Nonapeptide-1 and General Functioning
Nonapeptide has been studied for potential action across multiple fields of research, but is most commonly present in research studies of skin cell cultures, as a potential inhibitor of melanin synthesis—which functions to inhibit the activities of Tyrosinase, preventing melanocytes from producing melanin. In animal studies, the inhibition of Tyrosinase by Nonapeptide-1 may help reduce hyperpigmentation in the skin and lighten the dark spots following UV radiation and certain diseases. Scientific research suggests that Nonapeptide-1 may function to reduce pigmentation, or melanin synthesis, by inhibiting the actions of the melanocyte-stimulating hormone—MSH.[4]

The peptide appears to be a biomimetic peptide antagonist of the a-MSH. Biomimetic peptides are more or less identical to skin peptides and act on the physiological mechanisms of the skin with possibly eminent precision. Nonapeptide-1 appears to function to contend against the natural ligand (a-MSH) on its specific receptor, MC1-R, inhibiting about 33% of melanin synthesis induced by the receptor. Therefore, it may function to prevent further activation of Tyrosinase, in turn blocking melanin synthesis.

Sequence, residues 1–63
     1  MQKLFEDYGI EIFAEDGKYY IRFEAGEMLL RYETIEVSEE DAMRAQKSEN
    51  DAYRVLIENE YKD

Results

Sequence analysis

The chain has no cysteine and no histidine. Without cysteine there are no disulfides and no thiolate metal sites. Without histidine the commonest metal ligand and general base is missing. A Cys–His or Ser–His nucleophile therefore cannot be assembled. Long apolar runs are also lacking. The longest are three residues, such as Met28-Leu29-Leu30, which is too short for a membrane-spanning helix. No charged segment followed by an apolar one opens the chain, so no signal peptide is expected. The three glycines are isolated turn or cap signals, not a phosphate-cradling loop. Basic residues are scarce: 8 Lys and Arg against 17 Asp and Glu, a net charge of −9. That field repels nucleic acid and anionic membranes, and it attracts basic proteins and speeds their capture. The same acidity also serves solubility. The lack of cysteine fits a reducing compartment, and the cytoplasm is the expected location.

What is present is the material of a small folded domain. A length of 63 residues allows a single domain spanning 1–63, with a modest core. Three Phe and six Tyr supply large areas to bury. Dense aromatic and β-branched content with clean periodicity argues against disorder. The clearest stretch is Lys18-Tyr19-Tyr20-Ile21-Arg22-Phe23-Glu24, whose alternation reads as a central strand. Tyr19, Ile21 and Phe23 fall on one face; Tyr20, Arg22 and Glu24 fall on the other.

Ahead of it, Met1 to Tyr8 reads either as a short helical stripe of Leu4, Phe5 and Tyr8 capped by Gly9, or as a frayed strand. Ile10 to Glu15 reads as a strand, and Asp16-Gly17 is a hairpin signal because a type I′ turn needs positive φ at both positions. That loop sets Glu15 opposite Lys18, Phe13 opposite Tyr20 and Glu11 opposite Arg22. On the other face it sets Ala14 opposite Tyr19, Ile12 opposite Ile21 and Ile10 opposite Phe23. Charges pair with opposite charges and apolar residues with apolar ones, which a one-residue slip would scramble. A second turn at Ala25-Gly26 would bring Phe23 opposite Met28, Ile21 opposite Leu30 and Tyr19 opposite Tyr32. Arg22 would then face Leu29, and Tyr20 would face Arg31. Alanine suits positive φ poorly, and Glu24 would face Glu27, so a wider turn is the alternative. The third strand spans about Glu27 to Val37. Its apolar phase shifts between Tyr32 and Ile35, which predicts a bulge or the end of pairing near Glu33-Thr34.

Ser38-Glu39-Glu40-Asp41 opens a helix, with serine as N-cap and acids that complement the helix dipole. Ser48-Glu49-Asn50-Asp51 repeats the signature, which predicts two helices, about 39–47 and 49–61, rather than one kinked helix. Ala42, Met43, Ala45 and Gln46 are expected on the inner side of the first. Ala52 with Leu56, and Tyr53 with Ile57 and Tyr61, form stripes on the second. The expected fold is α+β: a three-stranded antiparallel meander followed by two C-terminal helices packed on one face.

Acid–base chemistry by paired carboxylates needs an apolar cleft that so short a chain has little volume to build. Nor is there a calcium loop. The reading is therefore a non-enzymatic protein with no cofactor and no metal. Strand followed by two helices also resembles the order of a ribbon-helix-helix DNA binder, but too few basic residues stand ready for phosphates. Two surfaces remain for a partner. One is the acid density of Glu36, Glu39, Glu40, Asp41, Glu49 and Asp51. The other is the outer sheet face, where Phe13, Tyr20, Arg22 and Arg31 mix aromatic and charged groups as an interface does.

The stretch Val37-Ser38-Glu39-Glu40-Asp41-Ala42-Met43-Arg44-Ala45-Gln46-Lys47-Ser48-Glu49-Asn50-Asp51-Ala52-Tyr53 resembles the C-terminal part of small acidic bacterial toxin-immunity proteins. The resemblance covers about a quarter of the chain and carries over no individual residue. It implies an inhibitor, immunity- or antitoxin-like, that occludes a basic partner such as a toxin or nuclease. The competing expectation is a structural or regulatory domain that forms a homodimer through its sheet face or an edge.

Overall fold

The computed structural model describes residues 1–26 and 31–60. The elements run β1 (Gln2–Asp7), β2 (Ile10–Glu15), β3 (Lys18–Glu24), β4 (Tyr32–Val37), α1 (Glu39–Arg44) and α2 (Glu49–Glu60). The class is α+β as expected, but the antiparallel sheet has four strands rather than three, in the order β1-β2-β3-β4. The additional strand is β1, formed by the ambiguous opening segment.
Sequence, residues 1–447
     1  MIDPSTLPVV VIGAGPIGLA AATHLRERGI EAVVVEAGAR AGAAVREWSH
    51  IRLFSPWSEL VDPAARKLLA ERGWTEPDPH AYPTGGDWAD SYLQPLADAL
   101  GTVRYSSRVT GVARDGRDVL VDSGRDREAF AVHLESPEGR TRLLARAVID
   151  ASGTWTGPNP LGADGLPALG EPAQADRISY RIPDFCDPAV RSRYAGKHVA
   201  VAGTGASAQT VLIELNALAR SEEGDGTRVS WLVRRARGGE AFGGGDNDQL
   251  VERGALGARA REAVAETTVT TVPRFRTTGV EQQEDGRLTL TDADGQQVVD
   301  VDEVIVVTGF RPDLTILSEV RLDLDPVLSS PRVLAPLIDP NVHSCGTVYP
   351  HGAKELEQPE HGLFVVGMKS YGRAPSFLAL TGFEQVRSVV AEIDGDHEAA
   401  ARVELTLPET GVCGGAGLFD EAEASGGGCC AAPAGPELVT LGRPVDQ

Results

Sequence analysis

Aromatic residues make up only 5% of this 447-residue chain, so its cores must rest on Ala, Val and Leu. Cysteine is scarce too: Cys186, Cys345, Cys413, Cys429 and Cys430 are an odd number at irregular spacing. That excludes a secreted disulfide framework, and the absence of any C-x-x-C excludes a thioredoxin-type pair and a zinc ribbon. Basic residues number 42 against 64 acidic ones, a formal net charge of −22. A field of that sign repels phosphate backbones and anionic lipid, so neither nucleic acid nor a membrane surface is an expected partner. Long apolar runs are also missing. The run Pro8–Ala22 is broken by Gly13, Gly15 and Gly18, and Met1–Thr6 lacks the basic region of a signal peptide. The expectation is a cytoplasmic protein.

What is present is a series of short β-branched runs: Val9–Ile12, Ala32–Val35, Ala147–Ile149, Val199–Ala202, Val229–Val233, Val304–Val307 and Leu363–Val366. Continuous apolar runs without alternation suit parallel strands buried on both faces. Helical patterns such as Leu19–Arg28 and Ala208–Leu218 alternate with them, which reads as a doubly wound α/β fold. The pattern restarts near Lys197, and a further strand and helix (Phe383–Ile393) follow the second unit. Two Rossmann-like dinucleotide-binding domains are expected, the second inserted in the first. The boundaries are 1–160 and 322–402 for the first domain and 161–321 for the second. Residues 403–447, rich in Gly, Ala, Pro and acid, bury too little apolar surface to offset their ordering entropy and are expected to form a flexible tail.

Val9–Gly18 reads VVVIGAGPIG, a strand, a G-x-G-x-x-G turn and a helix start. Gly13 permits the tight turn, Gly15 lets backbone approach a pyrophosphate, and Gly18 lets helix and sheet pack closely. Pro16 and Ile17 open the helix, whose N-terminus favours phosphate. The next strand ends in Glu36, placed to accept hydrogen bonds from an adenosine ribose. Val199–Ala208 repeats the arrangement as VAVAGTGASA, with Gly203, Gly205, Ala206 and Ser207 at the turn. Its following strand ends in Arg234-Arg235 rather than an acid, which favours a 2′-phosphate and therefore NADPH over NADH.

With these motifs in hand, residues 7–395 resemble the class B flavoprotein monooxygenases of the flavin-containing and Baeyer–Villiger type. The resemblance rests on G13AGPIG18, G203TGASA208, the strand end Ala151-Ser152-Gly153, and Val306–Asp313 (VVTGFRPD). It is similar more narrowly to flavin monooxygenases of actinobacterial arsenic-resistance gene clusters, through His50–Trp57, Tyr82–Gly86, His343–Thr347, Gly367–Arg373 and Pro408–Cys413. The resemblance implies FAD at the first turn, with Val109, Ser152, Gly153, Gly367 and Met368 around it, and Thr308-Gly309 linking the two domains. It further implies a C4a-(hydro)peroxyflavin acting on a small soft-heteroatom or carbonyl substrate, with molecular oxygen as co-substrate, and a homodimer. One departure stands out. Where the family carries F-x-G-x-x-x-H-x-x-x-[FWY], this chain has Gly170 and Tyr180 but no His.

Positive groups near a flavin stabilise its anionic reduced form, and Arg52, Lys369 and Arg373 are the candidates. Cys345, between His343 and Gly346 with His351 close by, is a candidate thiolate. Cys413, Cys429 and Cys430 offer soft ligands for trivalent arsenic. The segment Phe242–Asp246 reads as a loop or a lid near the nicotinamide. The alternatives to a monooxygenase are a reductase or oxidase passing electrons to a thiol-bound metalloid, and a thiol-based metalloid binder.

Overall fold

Nonapeptide-1 and Pigmentation
Nonapeptide-1 has been researched for its potential to reduce melanin concentration and potentially mitigate pigmentation of the skin surface. It appears to close receptor entry, weaken melanocyte activities, decrease the production of melanin, and function to stabilize skin color. Fungi research on Nonapeptide-1 posits that at a concentration of about 200 ug/mL, it may inhibit the synthesis of melanin II.  Research in animal models reported that after 28 days of Nonapeptide-1 exposure, a rapid reduction in pigmentation was noticed and recorded.[4] The scientists also “suggest that peptide-mediated inhibition of melanogenesis is due to reduction in tyrosinase activity.” Nonapeptide-1 may inhibit tyrosinase activities by 25-35% in animal models and decrease the melanin content of melanocytes by 27-43% at a micromolar concentration of 100.

Nonapeptide-1 Additional Research
Studies suggest that Nonapeptide may have minimal effects in the following areas of research: cancer research, potential in immunotoxicology research, and reingredientive and developmental toxicity studies. While Nonapeptide-1 may impart multiple impacts upon skin cells, it has been reported in experimental studies to exhibit certain ancillary action, potentially temporarily blocking chemicals that initiate muscle contraction.